In his rather sere and melancholy condition, Vidal tells some old stories rather less well than he recounted them the first time. But we also hear many unsavory details about other personalities and politicians. Something amusing and — I think — Italian…. Thanks for telling us about the problem.
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Aug 03, Nick Van rated it it was amazing Simply a delight, as only he can deliver. Vidal is selfish and self-obsessed. He writes as if he holds court to the glittering socialites and society-types who swarm around him as he delicately wafts them away, and yet he is the one playing courtier - not a single name goes unchecked, not a single encounter escapes being diligently written down to reflect the style in which he operated within it.
Ever nasty, ever self-obsessed, ever the worst qualities of all those he loathes, Gore Vidal was made to write a memoir. His ideas about himself and others are sometimes farcical. He chooses to "let the cup pass unto" another candidate, who promptly wins it by a landslide - thanks to Vidal, of course. People, places, and vocations change and flicker constantly. Their good qualities? Rarely, if ever, mentioned.
Jackie Kennedy has "boyish beauty and life-enhancing malice [that] were a great joy to me". Grace Kelly at the time of her marriage is fat and rapidly ageing, willing to play princess on a rock above a casino to escape the fate of Loretta Young and Joan Crawford - that of an gasp old actress in the makeup chair before everyone else.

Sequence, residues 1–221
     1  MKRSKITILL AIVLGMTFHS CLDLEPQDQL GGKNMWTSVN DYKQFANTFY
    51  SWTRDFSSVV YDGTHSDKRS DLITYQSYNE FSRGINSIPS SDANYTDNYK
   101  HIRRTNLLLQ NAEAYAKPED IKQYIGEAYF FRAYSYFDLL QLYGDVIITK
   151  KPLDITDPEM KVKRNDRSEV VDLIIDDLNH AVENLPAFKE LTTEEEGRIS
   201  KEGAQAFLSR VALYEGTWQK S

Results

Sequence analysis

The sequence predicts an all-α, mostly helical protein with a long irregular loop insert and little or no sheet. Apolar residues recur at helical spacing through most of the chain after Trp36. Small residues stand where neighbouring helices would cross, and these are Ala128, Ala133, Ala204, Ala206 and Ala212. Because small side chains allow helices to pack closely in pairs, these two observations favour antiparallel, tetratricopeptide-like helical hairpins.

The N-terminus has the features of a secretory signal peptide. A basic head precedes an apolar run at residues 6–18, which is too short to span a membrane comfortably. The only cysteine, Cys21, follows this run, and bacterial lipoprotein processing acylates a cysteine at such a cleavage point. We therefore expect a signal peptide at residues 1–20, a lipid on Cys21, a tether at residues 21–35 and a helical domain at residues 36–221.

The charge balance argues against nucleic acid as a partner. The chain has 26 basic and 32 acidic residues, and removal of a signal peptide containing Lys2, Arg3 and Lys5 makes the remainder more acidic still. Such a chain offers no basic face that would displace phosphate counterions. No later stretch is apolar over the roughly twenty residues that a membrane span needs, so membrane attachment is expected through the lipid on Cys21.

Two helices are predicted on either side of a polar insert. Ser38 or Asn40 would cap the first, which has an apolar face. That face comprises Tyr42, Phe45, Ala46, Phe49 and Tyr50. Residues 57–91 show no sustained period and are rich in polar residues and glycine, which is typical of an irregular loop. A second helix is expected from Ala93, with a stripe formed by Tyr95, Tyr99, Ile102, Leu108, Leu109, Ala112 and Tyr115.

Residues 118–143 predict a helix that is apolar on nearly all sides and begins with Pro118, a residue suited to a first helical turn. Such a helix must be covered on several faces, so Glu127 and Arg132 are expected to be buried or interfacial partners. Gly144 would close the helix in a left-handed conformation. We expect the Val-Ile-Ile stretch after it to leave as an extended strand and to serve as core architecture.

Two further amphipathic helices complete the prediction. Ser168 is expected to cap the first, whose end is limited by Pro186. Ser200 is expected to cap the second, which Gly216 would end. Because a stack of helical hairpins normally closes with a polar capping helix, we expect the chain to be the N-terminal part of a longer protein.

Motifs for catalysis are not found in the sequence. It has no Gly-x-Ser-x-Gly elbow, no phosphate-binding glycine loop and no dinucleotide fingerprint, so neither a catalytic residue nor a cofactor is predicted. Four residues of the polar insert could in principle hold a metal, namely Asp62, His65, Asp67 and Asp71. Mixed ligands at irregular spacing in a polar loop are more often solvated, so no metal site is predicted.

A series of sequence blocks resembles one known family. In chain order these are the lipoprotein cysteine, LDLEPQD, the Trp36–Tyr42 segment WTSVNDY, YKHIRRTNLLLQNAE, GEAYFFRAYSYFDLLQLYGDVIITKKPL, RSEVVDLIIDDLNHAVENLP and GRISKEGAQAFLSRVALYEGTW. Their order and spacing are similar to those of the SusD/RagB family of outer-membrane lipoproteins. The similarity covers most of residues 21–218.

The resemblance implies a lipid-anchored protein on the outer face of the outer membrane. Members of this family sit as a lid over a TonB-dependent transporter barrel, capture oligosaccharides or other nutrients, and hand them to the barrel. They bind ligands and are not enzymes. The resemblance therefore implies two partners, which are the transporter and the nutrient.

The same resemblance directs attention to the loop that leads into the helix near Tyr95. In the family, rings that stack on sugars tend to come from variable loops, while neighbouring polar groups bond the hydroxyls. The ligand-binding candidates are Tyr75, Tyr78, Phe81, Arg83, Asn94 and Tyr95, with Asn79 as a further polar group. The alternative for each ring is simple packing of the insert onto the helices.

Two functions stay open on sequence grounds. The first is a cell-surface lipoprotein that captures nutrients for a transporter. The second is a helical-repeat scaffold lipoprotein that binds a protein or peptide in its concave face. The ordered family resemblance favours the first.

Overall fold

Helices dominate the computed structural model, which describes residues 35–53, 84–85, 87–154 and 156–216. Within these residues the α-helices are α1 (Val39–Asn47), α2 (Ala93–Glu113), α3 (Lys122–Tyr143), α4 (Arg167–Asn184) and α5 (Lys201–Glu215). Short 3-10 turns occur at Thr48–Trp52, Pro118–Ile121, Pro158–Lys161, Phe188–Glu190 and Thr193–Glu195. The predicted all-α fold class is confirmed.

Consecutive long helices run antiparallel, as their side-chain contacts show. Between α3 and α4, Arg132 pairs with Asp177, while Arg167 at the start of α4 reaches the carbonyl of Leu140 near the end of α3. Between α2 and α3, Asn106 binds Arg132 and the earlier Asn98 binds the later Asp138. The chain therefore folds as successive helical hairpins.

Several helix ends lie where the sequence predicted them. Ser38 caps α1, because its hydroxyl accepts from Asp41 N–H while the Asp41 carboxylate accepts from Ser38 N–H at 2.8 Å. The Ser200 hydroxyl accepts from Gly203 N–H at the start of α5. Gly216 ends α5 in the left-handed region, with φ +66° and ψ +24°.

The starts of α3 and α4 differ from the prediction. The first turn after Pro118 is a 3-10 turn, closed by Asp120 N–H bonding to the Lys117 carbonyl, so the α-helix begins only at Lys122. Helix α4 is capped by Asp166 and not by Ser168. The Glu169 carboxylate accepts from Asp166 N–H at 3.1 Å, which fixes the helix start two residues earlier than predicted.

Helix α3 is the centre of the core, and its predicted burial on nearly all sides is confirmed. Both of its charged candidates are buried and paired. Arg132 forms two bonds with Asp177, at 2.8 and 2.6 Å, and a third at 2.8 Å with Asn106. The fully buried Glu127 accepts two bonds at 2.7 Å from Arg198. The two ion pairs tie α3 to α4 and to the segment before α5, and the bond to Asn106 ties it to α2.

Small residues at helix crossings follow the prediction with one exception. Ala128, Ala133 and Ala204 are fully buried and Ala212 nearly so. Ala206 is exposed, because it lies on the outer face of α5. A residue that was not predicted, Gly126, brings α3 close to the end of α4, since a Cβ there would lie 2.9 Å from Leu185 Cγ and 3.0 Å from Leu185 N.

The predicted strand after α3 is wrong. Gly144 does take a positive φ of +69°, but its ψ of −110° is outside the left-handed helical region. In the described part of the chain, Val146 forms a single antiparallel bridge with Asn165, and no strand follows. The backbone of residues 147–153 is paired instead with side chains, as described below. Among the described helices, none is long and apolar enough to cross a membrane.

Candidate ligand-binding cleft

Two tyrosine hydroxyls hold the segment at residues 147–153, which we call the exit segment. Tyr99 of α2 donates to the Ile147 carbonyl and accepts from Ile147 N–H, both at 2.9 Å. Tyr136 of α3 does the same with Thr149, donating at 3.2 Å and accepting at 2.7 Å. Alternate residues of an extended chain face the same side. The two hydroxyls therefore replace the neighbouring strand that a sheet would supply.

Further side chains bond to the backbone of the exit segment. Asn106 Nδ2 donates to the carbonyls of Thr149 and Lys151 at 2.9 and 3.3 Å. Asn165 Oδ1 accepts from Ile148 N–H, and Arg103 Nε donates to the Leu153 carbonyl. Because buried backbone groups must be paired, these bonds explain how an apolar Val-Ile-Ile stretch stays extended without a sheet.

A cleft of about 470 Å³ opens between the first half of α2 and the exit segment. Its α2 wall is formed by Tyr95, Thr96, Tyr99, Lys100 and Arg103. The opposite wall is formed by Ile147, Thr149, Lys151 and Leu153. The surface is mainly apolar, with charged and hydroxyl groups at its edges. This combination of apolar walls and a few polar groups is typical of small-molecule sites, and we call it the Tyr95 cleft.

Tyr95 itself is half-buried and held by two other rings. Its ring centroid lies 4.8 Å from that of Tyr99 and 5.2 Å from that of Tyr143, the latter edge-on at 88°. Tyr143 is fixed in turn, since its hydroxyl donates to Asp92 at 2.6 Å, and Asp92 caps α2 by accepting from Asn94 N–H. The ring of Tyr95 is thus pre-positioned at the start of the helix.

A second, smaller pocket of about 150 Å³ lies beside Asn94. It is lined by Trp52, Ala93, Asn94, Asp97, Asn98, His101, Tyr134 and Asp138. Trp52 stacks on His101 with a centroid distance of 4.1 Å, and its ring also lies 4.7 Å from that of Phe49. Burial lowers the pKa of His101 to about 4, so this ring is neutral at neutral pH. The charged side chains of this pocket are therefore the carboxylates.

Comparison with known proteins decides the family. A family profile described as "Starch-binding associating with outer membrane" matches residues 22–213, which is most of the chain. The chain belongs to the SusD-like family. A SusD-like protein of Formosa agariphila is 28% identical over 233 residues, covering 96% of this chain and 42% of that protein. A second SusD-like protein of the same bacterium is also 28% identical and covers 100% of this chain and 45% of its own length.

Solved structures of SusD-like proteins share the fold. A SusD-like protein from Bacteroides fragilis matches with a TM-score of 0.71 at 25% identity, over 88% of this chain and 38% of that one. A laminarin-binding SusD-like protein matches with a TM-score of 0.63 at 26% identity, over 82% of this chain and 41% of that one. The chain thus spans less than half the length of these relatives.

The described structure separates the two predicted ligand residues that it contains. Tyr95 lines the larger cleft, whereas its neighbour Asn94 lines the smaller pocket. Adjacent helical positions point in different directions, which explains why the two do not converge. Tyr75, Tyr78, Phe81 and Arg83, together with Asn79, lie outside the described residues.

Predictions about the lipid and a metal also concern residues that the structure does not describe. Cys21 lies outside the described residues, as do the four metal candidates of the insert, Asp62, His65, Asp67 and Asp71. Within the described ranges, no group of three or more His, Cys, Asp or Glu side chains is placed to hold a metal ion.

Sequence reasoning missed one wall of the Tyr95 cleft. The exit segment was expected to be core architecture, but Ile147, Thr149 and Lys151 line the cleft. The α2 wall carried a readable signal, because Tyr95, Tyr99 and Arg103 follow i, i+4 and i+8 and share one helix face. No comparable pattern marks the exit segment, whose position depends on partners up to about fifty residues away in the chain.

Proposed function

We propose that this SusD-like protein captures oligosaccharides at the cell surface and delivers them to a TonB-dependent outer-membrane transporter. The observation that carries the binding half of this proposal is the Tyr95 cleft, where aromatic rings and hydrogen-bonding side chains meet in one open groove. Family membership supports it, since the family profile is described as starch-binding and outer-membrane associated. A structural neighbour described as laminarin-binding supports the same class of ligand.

Even his partner of 53 years, Howard, gets nary a mention. In this hurricane of casual sex and casual friendships, the one constant is grief, which is slowly revealed to dominate the book. By the time we reach the final act of the book, he meets with the woman Jimmie was engaged to at the time of his death.
Vidal is seemingly winded by grief when she shows him a picture Jimmie kept of her in his pocket - not because of what the photo represents, but because it is curved to the shape of his body.
The finest segments of this book are the earliest. Vidal has ways of describing the people and places around him in the heady days of his youth in a way that are reminiscent of an ancient Greek orgy.
When discussing his bisexuality and homoeroticism in youth he writes that "we were true pagans who knew nothing about categories. Did he really look like that? The book ends with - what else? The story he intends to convey means nothing, but a throwaway line that is mentioned almost innocuously is of interest. Vidal offhandedly writes that he has purchased a cemetery plot for himself in the same cemetery in which Jimmie Trimble was buried all those decades ago.
I expected the society gossip.